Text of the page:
UTD bolsters sports identity with Division II move, $30 mil facility upgrade

Rainier Pederson | Mercury Staff

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UTD is set to transition to Division II sports, eyeing a July 2024 National Collegiate Athletic Association approval after a coveted invite from the Lone Star Conference.

The invitation to the LSC welcomes new opportunities for increased competition and sports scholarships for student athletes – something they were not eligible for under Division III. All 15 of men and women’s sports will transition to the LSC upon submission of the Division II application by February 2024. The NCAA will require a three-year provisionary period which will allow UTD Athletics time to hire specialized staff and implement the scholarship component before they compete for NCAA national titles. The shift to Division II comes in tandem with UTD’s $23 million investment in a track and field complex — set to break ground next summer — and the Athletics rebranding that’s set to unveil this October, all bolstering UTD’s sports presence.

“The support has been amazing,” Director of Athletics Angela Marin said. “Our alumni are ecstatic, and I have heard from my colleagues across campus and faculty and staff members. And just to see the campus already embracing this and we haven’t done anything yet is so exciting. There’s so much to look forward to right now, and I really hope that the student body gets behind this.”

Marin said the university has been in discussion about joining Division II since 2018, and the push was put into effect after several schools left the American Southwestern Conference — the athletics conference UTD is in — earlier this summer. According to the NCAA Division III Manual, a league must have a minimum of seven active teams in order to remain viable for NCAA conference competitions, and the university projects that the ASC will fall underneath that limit over the next year.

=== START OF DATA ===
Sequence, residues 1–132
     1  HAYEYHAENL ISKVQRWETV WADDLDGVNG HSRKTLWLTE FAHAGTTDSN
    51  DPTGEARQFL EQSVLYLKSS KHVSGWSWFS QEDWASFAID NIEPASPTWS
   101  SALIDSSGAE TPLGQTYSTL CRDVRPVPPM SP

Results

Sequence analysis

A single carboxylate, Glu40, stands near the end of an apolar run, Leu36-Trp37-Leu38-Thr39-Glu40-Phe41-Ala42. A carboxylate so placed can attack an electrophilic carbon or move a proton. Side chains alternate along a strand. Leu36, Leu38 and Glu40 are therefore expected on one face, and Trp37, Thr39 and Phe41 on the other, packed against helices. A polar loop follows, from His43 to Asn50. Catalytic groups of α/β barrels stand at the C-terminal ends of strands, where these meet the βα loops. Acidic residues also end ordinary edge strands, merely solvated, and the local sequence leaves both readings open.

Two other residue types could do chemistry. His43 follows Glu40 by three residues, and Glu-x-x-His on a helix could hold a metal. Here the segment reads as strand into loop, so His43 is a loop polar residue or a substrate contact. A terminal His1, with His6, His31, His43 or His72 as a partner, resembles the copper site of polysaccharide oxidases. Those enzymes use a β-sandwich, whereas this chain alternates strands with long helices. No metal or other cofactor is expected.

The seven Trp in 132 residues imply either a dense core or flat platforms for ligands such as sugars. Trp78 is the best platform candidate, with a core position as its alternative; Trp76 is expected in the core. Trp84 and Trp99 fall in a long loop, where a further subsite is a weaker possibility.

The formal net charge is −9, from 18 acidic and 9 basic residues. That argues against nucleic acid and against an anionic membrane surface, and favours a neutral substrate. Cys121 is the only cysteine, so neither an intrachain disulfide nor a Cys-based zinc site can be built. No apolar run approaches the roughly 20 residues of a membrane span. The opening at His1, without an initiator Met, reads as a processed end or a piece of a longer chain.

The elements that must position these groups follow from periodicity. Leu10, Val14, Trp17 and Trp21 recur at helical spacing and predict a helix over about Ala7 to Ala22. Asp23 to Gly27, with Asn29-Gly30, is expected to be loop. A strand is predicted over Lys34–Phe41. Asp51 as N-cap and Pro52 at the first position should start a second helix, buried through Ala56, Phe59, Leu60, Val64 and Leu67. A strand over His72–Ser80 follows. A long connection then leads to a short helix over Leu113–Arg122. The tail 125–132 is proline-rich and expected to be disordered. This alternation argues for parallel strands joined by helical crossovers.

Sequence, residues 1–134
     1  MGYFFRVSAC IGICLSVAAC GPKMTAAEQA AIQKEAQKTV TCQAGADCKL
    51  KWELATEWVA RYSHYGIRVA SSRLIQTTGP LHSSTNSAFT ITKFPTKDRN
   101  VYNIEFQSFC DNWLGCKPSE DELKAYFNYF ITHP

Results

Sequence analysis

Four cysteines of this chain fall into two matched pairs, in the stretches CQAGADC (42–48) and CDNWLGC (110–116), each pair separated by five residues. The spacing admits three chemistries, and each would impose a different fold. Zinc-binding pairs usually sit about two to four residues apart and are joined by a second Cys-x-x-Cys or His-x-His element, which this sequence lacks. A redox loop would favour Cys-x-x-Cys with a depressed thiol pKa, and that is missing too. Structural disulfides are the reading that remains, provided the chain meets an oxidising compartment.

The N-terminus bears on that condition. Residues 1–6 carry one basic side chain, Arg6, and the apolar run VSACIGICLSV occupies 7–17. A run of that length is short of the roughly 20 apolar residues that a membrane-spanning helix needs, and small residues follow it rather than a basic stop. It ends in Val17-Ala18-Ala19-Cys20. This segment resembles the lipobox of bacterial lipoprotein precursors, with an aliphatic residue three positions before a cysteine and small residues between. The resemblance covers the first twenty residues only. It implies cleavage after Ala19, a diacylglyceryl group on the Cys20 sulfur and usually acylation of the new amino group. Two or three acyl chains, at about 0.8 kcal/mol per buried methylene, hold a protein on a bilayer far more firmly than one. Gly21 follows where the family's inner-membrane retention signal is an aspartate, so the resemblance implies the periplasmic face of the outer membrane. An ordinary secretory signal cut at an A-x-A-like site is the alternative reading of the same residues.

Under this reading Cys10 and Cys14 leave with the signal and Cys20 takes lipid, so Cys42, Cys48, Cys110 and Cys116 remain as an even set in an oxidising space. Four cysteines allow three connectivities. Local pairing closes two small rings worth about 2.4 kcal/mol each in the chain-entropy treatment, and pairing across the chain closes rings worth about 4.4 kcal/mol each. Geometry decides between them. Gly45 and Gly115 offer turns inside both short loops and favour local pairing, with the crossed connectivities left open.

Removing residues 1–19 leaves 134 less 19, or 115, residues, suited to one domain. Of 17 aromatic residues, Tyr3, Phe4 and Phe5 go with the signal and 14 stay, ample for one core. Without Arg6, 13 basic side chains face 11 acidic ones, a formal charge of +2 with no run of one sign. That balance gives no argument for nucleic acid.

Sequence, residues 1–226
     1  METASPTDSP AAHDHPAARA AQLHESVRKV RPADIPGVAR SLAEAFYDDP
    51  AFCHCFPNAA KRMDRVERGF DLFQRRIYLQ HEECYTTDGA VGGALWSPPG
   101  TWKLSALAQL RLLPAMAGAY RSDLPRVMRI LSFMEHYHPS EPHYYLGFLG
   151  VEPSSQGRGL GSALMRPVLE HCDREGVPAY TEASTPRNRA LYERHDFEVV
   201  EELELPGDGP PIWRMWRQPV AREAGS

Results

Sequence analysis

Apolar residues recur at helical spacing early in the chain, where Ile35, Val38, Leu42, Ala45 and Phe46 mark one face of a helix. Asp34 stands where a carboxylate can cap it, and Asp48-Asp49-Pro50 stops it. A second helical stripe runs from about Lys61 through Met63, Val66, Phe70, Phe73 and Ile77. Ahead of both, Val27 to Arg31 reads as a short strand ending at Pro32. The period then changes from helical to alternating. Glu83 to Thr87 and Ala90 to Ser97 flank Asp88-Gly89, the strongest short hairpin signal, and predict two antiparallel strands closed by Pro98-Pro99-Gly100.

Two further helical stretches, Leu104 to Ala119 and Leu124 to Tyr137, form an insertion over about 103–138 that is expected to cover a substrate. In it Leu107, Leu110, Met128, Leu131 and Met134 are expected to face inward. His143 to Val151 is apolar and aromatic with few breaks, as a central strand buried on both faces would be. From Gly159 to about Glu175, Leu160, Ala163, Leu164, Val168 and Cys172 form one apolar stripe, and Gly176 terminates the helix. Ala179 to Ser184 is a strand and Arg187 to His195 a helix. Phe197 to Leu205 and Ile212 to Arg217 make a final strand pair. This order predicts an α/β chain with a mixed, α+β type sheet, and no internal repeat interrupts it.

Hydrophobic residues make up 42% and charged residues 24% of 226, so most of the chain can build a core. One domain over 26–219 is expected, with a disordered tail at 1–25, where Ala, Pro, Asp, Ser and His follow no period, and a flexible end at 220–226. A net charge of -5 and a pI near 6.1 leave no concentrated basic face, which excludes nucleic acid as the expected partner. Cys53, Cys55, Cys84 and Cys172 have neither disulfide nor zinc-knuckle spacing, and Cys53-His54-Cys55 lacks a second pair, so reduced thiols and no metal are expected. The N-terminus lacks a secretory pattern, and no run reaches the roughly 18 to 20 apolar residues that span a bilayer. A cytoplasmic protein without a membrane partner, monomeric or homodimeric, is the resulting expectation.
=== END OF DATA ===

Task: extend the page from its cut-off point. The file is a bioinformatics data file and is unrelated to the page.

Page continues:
After considering other DIII options and a tepid offer from a Division I conference, the university ultimately selected the LSC for its high level of competition and geographical proximity, as 13 of the 17 schools in the conference are located in Texas. LSC schools have hosted 77 national championships in the last 40 years, predominately in women’s basketball and volleyball. Just this past year, the LSC took home four NCAA national championship titles; in contrast, UTD has not claimed any NCAA championship titles under its 25 years in ASC.

“It’s like the stars aligned,” Marin said. “Their footprint is in Texas. When you look at missed class time, when you look at travel, when you look at pulling our students away from their academics, we want to be very intentional about finding a league that is majority Texas … But they’re also in line with what we believe — our mission and values — with their academic success, with their high competitive nature, their community service, and their initiatives. To have a conference that is that strong across the board and will bring that type of competitiveness with these different schools on our campus is exciting. You’re going to see that level of competition every night at one of our athletic events.”